Psychologist Questions Anxiety

How can I help my separation anxiety with my baby?

I am a mother of a 2 year old. I have constantly been with my baby since the time she was born. Now that we are considering putting her in a day care and my going back to work I am getting very depressive thoughts. I am undergoing separation anxiety. How can I overcome it?

5 Answers

See a therapist who will work with you to overcome this separation anxiety using a variety of CBT techniques.
Our emotions are wonderfully designed to provide us with information and motivation. They influence our lives by silently directing the decisions we make. Your emotions are informing you of a possible disruption in your connection with your baby. Your thought is that you have "separation anxiety," but the emotions behind it are likely distress, fear, sadness, guilt, and other feelings as well. If we step back and imagine living hundreds of years ago, it would seem rather strange for humans to leave their babies. You feel "separation anxiety" because you are attached as you should be. Children do adapt, given they are with good caregivers, but that does not remove the loss we may experience from separation, especially if we prefer to remain at home with the child. Understand that you feel as you do because that is what a mother who has closely bonded emotionally with her 2-year-old is supposed to feel under the circumstances. I do not believe it is something to "overcome." But, instead, these feelings are something to acknowledge and accept if you decide to go back to work at this time.
The funny thing about mother-child relationships is that they often recapitulate the feeling you, as a child, had with your mother! Was that or is that true for you? If yes, talk to a professional about that. And as a practical strategy, try separating by degrees, as a child does when going to the first nursery school or kindergarten - mom or dad stay for a while, and then fade out for a few days.

It’s hard at first, but all mom’s can do it. Find out why you have been so attached all these two years, and then practice letting go slowly. You won’t be the first or the last!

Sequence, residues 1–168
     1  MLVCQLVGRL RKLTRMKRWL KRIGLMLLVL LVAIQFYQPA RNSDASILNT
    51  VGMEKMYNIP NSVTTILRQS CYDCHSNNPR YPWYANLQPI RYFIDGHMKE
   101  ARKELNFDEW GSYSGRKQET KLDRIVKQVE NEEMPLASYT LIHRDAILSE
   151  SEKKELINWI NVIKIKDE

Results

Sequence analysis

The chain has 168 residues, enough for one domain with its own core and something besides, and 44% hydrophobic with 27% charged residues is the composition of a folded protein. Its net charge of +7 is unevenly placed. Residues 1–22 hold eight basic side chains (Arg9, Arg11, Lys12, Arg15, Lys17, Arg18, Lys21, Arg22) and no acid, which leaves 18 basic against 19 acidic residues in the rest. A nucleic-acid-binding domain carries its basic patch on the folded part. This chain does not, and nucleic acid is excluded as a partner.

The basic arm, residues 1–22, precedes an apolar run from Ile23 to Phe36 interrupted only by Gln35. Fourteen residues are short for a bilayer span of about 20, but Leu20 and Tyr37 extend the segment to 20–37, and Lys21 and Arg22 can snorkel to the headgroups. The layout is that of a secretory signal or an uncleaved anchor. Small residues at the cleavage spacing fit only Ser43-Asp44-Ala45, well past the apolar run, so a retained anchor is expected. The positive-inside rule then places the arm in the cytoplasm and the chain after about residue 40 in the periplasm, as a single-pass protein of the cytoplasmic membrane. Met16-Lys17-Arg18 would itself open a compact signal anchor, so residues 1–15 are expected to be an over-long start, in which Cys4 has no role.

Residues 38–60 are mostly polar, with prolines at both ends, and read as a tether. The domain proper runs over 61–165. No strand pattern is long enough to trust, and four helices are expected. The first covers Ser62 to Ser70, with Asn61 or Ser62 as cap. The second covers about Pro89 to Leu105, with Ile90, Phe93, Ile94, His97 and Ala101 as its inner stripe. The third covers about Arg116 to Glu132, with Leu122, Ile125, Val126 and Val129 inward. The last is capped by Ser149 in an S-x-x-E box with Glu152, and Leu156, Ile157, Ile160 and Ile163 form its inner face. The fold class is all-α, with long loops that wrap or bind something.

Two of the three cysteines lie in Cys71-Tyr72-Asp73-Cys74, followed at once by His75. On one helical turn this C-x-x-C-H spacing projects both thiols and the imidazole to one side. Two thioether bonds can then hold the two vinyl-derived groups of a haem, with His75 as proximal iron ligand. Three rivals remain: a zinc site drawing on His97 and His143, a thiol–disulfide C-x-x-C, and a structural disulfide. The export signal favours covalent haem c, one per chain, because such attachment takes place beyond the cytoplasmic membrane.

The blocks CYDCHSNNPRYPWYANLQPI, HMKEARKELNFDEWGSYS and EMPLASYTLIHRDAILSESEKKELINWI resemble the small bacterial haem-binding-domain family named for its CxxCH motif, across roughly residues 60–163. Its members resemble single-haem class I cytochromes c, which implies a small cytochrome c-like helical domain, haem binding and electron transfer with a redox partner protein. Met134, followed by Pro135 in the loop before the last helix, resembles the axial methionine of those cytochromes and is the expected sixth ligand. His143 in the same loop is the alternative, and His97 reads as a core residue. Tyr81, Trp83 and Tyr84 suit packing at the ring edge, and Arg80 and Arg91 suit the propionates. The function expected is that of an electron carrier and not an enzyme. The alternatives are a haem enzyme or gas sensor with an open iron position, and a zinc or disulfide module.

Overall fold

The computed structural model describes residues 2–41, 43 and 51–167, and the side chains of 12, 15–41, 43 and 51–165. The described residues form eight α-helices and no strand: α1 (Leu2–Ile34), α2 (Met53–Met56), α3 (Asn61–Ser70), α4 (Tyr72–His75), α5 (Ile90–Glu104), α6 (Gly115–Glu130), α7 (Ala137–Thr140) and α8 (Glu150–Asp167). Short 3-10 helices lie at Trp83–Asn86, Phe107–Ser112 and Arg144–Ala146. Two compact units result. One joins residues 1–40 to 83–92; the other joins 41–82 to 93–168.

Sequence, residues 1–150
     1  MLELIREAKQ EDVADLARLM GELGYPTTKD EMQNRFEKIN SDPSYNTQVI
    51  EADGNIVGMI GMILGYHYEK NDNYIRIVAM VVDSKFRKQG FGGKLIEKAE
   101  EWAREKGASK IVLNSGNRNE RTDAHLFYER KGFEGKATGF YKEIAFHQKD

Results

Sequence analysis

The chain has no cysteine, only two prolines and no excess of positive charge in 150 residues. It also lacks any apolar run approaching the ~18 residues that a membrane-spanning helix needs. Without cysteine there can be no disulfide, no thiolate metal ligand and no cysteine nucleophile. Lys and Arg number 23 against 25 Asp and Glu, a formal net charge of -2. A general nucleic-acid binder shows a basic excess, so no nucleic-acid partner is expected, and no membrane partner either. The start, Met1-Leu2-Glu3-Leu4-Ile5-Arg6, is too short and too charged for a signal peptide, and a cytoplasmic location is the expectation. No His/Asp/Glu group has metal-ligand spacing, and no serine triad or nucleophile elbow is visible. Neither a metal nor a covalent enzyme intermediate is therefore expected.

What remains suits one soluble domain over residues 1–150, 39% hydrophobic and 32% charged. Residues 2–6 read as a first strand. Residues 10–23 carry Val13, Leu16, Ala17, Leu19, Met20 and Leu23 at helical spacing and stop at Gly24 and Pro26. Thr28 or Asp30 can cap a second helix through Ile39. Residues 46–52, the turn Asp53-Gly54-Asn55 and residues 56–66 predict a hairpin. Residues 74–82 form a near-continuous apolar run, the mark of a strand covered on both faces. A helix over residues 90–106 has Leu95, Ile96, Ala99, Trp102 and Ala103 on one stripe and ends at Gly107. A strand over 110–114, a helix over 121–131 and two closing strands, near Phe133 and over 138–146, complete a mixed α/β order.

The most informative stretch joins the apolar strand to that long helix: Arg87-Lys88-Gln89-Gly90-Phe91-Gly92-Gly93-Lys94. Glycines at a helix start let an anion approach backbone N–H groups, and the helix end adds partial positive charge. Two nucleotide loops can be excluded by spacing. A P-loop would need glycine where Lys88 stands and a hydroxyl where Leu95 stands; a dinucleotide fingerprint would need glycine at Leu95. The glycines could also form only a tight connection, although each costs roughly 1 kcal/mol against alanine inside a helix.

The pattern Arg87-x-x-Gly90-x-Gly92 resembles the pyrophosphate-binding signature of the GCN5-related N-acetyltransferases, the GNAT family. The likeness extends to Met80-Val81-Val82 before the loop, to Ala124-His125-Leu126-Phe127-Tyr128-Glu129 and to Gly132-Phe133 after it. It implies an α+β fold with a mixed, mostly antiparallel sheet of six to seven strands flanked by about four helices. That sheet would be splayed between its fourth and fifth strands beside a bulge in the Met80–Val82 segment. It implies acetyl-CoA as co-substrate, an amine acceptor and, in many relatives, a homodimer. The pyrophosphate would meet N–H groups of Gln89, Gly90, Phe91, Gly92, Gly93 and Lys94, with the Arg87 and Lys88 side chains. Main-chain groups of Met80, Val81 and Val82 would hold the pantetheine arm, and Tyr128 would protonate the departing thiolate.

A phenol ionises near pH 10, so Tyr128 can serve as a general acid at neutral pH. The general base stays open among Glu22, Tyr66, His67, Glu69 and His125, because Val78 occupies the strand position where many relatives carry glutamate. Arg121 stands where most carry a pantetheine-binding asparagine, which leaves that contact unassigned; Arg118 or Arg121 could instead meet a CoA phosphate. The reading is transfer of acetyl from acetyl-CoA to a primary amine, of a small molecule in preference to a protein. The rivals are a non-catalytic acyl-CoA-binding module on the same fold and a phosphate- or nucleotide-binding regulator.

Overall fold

Marian Kaplun Shapiro
Licensed Psychologist
Don't overcome it. Wait until your baby is at least three years old. The child will suffer abandonment trauma, otherwise, impairing her ability to trust, which is for a lifetime without therapeutic interventions. We are products of evolution. We are not evolved to be separated from our mothers (or possibly primary caregivers) until we are at least three. In some cultures, it is five years old, which is when Kindergarten was originally arranged.

Babies separated earlier than that will be susceptible to ADHD and variations on separation anxiety. The reasons this information is not disseminated is beyond me, other than the pharmaceutical industry makes a ton of money for medicating children. Tattoo parlors, body piercings, street drugs, and raves may be symptomatic of youths that are insecurely attached.

Children are not what they used to be since the we started placing them in daycare or othercare so young. If you want a child that stands out above the crowd, stay home one more year. Allow your child to become a resilient, creative, empathic, articulate, honorable leader, because she has the kind of confidence that comes from a secure attachment.

Dr. Faye
Time will heal that usually. Once you see that she likes daycare and is safe, you should be more at ease. You will always miss her and think of her while she is away, but with today’s appointments of life, we have to deal with things that make us uneasy. My daughter had the same with two children, but things are better now and her 2-year old did it this year and he is 2.5 now. It was easier for her daughter going to daycare. Her son was not as mature as her daughter. Pick a good daycare that is my advice and as for your feelings, don’t be afraid if you are missing her and let her grow.